Let all God’s angels worship him. Hebrews 1:6
I was in London one night for a meeting. It was pouring rain, and I was late. I rushed through the streets, turned a corner, and then stopped still. Dozens of angels hovered above Regent Street, their giant shimmering wings stretching across the traffic. Made of thousands of pulsing lights, it was the most amazing Christmas display I’d seen. I wasn’t the only one captivated. Hundreds lined the street, gazing up in awe.
Awe is central to the Christmas story. When the angel appeared to Mary explaining she would miraculously conceive (Luke 1:26–38), and to the shepherds announcing Jesus’ birth (2:8–20), each reacted with fear, wonder—and awe. Looking around at that Regent Street crowd, I wondered if we were experiencing in part what those first angelic encounters felt like.
A moment later, I noticed something else. Some of the angels had their arms raised, as if they too were gazing up at something. Like the angelic choir that burst into song at the mention of Jesus (vv. 13–14), it seems angels too can be caught up in awe—as they gaze on Him.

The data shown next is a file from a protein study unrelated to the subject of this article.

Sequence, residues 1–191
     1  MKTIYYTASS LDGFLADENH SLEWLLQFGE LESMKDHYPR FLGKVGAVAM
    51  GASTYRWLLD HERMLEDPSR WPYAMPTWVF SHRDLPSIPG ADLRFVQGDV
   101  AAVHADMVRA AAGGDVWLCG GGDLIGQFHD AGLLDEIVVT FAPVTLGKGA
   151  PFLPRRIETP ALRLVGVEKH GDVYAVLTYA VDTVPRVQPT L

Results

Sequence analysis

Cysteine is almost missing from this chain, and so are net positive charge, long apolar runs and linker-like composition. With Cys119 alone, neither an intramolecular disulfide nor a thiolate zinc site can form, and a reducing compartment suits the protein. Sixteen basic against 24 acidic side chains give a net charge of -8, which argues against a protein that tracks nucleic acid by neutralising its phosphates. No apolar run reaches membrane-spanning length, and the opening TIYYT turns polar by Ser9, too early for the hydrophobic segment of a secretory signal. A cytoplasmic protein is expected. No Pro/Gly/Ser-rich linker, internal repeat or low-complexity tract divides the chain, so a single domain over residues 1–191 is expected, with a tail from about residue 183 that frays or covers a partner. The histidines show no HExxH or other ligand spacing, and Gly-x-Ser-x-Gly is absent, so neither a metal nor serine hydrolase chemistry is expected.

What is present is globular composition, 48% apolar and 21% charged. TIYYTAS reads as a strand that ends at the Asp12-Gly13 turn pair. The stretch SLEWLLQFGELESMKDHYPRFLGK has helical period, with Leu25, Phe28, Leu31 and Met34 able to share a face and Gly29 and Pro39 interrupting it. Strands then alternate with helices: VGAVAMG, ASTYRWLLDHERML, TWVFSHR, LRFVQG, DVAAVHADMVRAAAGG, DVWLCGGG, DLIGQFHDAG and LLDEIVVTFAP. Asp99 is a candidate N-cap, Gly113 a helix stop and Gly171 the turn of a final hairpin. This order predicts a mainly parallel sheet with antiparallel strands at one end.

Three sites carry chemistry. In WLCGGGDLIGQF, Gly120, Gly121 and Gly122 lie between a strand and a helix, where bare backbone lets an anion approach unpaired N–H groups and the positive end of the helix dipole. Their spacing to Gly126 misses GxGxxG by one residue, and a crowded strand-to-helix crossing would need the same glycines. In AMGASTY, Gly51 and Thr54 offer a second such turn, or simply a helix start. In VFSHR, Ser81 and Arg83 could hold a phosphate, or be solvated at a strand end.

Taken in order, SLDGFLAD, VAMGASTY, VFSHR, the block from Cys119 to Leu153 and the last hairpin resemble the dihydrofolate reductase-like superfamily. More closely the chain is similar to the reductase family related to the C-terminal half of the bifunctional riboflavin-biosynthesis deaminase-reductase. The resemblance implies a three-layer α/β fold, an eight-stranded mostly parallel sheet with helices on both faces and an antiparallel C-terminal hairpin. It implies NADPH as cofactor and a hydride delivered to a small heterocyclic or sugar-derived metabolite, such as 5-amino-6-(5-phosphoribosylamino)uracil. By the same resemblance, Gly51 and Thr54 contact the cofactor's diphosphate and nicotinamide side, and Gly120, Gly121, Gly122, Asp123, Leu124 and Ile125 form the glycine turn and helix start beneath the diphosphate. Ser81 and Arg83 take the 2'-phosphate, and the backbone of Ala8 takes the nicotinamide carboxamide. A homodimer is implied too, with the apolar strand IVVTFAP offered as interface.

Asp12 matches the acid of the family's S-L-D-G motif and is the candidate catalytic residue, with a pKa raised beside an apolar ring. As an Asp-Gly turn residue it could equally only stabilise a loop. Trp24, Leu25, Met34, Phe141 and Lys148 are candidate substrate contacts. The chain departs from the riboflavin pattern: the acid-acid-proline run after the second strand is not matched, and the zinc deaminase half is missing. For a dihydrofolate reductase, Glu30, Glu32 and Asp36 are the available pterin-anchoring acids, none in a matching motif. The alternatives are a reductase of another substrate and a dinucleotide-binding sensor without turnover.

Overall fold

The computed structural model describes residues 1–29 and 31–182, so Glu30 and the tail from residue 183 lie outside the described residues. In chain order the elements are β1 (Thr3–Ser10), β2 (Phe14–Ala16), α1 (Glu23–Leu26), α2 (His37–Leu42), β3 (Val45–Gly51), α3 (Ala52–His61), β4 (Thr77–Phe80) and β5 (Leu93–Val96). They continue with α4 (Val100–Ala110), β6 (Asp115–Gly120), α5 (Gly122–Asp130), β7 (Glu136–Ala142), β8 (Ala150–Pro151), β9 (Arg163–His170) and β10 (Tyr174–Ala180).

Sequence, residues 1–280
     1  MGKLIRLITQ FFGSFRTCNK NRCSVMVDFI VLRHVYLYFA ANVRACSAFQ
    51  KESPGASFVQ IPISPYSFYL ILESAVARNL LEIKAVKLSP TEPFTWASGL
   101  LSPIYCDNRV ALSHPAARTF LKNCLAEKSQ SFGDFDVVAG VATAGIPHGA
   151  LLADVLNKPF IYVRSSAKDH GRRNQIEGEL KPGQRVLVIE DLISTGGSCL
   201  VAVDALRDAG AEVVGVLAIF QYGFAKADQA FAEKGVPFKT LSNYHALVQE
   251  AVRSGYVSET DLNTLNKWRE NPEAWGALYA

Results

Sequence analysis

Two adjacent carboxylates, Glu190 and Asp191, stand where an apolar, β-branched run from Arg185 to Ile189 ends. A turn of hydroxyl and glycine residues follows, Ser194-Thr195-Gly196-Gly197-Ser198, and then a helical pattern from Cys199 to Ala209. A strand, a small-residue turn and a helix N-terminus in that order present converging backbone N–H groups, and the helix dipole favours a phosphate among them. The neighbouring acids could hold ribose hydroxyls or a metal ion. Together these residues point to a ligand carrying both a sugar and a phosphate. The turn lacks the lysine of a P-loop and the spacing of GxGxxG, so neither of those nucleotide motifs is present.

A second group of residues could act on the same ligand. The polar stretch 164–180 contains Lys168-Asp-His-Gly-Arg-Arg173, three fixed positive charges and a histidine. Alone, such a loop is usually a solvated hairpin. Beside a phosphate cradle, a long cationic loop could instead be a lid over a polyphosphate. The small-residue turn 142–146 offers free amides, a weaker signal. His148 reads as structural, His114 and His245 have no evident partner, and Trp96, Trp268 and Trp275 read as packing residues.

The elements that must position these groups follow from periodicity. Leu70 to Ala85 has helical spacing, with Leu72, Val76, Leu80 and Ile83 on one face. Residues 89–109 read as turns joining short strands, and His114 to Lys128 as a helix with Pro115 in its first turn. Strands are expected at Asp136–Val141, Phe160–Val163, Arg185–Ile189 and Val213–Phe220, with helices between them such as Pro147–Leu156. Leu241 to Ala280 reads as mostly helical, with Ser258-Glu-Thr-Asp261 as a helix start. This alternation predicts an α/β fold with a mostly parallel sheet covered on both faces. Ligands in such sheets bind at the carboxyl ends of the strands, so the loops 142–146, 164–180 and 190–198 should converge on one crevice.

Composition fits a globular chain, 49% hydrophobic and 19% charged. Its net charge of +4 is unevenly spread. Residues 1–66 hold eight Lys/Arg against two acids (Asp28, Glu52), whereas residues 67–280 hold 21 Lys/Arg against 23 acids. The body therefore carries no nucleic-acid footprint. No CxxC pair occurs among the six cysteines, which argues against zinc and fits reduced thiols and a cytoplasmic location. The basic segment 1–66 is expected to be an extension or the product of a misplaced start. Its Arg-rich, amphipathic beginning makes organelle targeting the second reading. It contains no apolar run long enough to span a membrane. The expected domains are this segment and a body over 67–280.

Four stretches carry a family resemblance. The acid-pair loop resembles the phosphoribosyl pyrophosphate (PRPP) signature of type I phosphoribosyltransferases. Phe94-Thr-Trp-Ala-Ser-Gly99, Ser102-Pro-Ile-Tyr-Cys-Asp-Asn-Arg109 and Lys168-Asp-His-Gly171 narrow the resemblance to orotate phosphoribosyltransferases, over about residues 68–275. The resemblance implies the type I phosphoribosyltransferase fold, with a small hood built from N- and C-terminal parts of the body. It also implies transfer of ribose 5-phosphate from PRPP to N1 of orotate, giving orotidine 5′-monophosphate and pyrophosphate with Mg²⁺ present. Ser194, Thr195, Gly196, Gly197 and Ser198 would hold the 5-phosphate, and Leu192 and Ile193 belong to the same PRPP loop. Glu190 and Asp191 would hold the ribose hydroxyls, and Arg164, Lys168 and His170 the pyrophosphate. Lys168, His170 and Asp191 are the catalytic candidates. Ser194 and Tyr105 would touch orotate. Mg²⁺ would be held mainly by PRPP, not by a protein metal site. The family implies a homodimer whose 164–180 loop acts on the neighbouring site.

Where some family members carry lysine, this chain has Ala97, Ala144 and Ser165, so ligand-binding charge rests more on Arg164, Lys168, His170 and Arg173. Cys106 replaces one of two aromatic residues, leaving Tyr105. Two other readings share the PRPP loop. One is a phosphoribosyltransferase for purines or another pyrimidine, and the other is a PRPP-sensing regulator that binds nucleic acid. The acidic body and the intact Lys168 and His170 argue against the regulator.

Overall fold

“The Son is the radiance of God’s glory and the exact representation of his being” (Hebrews 1:3). Bright and luminous, Jesus is the focus of every angel’s gaze (v. 6). If an angel-themed Christmas display can stop busy Londoners in their tracks, just imagine the moment when we see Him face-to-face.
When was the last time you felt a sense of awe? How can you rekindle a sense of awe over Jesus this Christmastime?
Father, I worship You. Thank You for the gift of Your awesome Son.
In the face of opposition and the temptation to revert back to Judaism, the author of Hebrews writes to Jewish brothers and sisters suffering for their confession of faith in Jesus (10:32–39). Some were tempted to retreat to a temple-centered way of life. The writer, seemingly known to his first readers (13:18–25), warns against the natural inclination to slip back into old ways adhering to rules and regulations rather than living in the spirit and grace of Christ (2:9; 4:14–16). Intimately acquainted with both Jesus and temple worship, this author reasons that all lesser forms of ritual and revelation point beyond themselves to the greater glory of the Son—and ultimate Word of God (1:1–3)—who tasted death for everyone (2:9, 15).
Visit ChristianUniversity.org/NT337 to learn more about the book of Hebrews.